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Maryland Lawmakers Look for Diversity in Medical Marijuana Licenses

ANNAPOLIS — The president of the Maryland Senate is sponsoring a bill to increase diversity in medical-marijuana grower licenses after a spate of other legislation addressing the issue failed to gain traction in the Maryland General Assembly.

The bill, sponsored by Senate President Thomas V. “Mike” Miller Jr., D-Prince George’s, Charles and Calvert, would grant up to five more growing licenses and increase the likelihood they would go to minority-owned businesses.

The Natalie M. LaPrade Maryland Medical Cannabis Commission would partner with historically black colleges and universities and conduct outreach targeted toward minorities and women, under Miller’s bill.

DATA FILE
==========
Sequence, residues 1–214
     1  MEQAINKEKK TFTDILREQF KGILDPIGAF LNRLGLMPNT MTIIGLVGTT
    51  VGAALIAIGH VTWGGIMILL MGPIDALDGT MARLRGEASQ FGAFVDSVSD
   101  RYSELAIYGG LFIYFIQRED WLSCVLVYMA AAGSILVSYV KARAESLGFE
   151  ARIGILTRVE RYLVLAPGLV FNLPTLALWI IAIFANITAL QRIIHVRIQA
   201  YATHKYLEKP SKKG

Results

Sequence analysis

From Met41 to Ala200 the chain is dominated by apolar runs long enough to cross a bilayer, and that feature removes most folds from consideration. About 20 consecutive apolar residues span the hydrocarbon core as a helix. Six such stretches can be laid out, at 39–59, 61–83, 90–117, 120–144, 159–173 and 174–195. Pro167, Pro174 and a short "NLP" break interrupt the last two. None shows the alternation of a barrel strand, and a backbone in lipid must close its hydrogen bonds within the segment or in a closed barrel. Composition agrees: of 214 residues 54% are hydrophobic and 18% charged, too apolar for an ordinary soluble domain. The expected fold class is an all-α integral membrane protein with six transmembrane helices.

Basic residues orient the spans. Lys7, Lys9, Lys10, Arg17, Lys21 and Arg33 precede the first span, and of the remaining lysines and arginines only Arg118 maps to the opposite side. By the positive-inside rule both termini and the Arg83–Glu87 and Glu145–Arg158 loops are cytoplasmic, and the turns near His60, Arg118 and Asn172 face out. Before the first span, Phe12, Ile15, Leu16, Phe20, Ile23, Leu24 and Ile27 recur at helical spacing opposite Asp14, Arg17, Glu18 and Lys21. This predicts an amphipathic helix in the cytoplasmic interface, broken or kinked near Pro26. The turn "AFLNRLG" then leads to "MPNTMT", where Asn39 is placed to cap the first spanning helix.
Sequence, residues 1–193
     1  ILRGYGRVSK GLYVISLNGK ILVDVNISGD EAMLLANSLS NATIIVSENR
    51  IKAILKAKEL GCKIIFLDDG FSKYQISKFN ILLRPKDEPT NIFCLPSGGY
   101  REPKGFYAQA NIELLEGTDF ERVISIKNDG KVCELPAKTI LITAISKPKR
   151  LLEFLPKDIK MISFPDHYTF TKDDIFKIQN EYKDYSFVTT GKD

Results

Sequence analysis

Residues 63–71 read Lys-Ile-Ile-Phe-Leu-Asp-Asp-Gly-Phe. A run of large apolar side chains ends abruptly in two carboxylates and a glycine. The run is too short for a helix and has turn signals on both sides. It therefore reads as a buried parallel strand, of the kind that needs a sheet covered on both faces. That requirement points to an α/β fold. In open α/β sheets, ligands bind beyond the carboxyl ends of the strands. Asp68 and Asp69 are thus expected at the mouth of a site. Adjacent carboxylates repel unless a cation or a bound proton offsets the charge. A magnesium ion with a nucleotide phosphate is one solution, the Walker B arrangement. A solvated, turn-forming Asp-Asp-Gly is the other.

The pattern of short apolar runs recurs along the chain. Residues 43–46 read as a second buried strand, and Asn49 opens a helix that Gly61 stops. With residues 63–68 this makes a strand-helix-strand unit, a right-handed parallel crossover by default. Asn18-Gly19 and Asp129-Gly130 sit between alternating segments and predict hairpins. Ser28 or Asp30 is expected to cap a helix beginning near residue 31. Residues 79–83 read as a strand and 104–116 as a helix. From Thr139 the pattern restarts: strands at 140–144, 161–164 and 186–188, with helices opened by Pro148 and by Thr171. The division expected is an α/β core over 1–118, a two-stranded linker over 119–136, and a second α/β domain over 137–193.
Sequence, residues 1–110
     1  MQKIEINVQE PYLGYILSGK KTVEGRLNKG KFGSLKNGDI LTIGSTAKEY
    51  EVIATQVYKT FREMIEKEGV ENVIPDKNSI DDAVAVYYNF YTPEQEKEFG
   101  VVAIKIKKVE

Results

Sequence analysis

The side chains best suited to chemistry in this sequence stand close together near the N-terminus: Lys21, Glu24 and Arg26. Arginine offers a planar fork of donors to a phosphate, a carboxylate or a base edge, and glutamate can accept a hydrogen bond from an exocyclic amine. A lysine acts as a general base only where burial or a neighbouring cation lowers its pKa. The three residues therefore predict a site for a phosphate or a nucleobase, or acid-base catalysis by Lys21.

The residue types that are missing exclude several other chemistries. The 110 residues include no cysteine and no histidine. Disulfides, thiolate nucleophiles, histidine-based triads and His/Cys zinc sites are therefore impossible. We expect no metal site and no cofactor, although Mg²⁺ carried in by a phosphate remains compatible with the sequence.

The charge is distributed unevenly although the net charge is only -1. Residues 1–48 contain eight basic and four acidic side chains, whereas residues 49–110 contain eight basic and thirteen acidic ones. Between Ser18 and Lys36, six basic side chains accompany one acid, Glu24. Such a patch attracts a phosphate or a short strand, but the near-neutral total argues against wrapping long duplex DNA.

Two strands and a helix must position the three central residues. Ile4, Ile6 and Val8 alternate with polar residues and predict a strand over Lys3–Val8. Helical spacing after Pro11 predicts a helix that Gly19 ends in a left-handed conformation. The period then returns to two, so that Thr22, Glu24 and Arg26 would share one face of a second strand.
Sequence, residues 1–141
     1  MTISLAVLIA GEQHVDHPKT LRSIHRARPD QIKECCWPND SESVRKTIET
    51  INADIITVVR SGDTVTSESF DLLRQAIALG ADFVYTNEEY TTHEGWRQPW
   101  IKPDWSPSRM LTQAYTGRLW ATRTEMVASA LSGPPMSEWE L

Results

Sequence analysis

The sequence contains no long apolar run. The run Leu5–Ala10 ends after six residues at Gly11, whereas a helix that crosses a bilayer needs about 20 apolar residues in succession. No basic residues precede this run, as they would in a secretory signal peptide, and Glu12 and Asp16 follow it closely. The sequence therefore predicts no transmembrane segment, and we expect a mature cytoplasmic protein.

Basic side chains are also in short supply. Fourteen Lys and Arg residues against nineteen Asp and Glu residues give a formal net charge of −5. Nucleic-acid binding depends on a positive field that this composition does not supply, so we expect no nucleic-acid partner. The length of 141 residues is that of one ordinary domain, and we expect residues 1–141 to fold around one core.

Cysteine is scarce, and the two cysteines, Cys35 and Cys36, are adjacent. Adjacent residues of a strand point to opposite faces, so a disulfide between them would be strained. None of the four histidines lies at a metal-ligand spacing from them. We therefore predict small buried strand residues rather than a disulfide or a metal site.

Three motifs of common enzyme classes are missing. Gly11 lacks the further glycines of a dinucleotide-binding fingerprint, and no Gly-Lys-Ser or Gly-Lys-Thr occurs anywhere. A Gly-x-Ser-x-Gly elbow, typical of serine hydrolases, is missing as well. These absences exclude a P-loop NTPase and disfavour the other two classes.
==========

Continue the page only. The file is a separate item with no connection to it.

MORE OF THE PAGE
Maryland has had one of slowest rollouts of medical marijuana in the nation.

The commission, which grants licenses to growers, processors and dispensaries, has been hampered by legal battles and subsequent legislation since Maryland legalized medical cannabis in 2014.

To squash pending lawsuits, the five new licenses would include two businesses that are currently suing the commission.

After complaints surfaced that the commission didn’t fairly include representation in areas of southeastern Maryland, the commission revised its original unanimous decision on the 15 companies slated to receive growing licenses. [Read more at Herald-Mail Media]

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